If you run in any of the circles I do, you may have noticed an elephant in the room. Generally speaking, mental health professionals avoid talking about the church, and the church avoids talking about mental health issues. In context, this makes sense. Historically speaking, the field of psychology was once closely tied to the fields of theology and moral philosophy. But as the field of psychology began to evolve into a scientific discipline and a field of inquiry, it attempted to distinguish and distance itself from these roots in order to operate more similarly to the other natural sciences (Plante, 2012). Thus began the growing divide and skepticism between the church and psychology. However, unlike other natural sciences, the field of psychology deals with both the fullness and nuance of what it means to be human. Simply put, understanding mental health through a more holistic lens requires acknowledging that the health of every life domain matters - your emotional health, physical health, relational health, financial health (to name a few), as well as your spiritual health.
In the field of counseling and psychology, the Christian Integration approach seeks to rebuild the bridge between science and faith. It values what each perspective adds to our profession and seeks to integrate the unique qualities of each so that they both play a part in the mental health conversation. For example, in my day-to-day therapy practice, neuroscience helps me understand what changes have taken place in my client’s brain after a difficult experience, and good research in my field helps me to anticipate what intervention could be most effective in treating their condition. However, good theology also guides me to cultivate deeper levels of healing, hope, and resilience with my client as they work through that difficult experience and possibly seek to understand it through a Christian framework.
It’s worth pausing here for a moment to note that Christian Integration is not Biblical Counseling. If you can imagine a spectrum with me, it would start with Traditional Therapy (science only) on one end, Christian Integration in the middle (science and faith), and Biblical Counseling (faith only) on the other end. In my opinion, there is a place for each of these approaches (for example, receiving counseling services through your church vs. a licensed mental health professional). There’s more that could be said on this, but for the purpose of this article, it’s simply important to note that there is a difference and clients should know which approach they’re signing up for. Having appropriate expectations is very helpful in protecting against confusion and potential hurt.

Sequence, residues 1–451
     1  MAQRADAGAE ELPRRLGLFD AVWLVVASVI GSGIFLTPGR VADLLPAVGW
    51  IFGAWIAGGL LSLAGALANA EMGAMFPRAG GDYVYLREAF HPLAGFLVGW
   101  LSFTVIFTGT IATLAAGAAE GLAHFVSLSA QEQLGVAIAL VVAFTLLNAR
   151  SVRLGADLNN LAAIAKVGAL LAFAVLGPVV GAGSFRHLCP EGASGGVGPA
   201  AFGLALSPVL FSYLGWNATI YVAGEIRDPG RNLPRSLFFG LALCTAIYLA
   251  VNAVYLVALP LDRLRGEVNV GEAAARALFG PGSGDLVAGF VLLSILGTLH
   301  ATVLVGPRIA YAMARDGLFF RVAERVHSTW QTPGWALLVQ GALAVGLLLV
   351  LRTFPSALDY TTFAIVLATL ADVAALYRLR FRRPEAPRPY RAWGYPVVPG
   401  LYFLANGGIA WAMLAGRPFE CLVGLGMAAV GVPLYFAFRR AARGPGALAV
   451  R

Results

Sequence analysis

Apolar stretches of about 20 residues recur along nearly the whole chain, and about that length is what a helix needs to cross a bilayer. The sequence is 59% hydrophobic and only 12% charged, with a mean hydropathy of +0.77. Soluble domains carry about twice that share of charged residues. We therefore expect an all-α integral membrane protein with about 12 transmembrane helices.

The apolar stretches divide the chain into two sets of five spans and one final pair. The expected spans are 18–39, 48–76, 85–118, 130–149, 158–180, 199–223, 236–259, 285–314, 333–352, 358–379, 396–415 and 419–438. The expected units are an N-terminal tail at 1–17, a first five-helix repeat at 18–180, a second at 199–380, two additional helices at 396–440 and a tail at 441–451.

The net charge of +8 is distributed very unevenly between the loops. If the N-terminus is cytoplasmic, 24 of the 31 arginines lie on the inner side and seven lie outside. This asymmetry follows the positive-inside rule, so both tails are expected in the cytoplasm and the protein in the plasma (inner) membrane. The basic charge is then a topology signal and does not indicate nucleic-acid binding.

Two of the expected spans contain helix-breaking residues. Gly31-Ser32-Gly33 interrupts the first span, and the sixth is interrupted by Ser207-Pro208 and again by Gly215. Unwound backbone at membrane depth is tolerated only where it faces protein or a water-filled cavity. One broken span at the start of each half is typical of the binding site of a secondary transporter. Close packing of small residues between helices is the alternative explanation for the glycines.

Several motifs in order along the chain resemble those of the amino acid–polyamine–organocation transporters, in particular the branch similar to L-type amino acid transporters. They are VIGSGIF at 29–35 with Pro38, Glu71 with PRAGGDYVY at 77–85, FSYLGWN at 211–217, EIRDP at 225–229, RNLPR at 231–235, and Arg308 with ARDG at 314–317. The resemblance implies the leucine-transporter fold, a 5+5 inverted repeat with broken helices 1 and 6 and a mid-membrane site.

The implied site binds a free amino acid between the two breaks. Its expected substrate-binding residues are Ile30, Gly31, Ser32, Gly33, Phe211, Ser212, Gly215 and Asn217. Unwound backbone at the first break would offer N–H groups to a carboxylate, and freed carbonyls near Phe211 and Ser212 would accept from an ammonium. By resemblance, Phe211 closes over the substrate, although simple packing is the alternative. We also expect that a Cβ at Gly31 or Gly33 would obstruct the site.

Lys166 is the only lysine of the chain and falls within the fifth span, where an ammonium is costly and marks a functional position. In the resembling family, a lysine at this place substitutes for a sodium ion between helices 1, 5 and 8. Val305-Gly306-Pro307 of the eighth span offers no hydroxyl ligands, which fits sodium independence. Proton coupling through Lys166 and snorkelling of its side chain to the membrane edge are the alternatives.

What does Christian Integration look like in Therapy?
With that in mind, here’s a closer look at what Christian Integration might look like in a therapy session:
According to research from the American Psychological Association (APA) mindfulness meditation has shown us its wealth of benefits. These include a reduction in rumination, stress, and emotional reactivity, as well as an increase in focus, cognitive flexibility, working memory, and relational satisfaction (Davis & Hayes, 2012). Research also suggests that mindfulness meditation has numerous physical health benefits, including an increase in immune functioning, improvement to well-being, and reduction in psychological distress (Davis & Hayes, 2012).
When working towards treatment goals, this is the type of information we start with: evidence-based, research-backed interventions that have been shown to be effective. However, when working with a Christian client, instead of choosing a meditation that focuses on the imagery of a large mountain and feeling a sense of groundedness in the grandeur of what that image might mean to my client, we might choose instead to meditate on the character of God, his heart towards my client, his promises for them, and focus on the sense of groundedness that this imagery brings to my client.
Cognitive Behavioral Therapy (CBT) is a well-known and widely used treatment model in our field. When practicing CBT, the focus is to identify faulty thoughts that may be contributing to feelings of anxiety or depression (for example, “nobody likes me” “I’m such a failure” “I’m never going to get a promotion” etc.) and replace them with thoughts that are based in truth. Overall, we have seen that CBT is very helpful in alleviating depressed or anxious moods. With a Christian Integration approach, we may use a traditional CBT approach to work through any faulty and self-defeating thoughts, but the words of scripture might also be used to identify, challenge, and replace such thoughts with what scripture says is true.
Offering a faith-based orientation means there is one more tool available in our toolbox, and with that, more opportunity to offer hope and healing to clients. Just with every therapeutic intervention, Christian Integration is definitely not for everyone, but it’s very effective for many. My hope is that combining the strengths of both psychology and faith into my therapeutic approach may just make all the difference in someone’s healing journey – and that someone may be you. Please reach out if you have any questions or would like to schedule an appointment.
Davis, D. M., & Hayes, J. A. (2012). What are the benefits of mindfulness? Monitor on Psychology. https://www.apa.org/monitor/2012/07-08/ce-corner.
Plante, T. G. (2012). Religion, spirituality, and positive psychology: Understanding the psychological fruits of faith. Santa Barbara, CA: Praeger.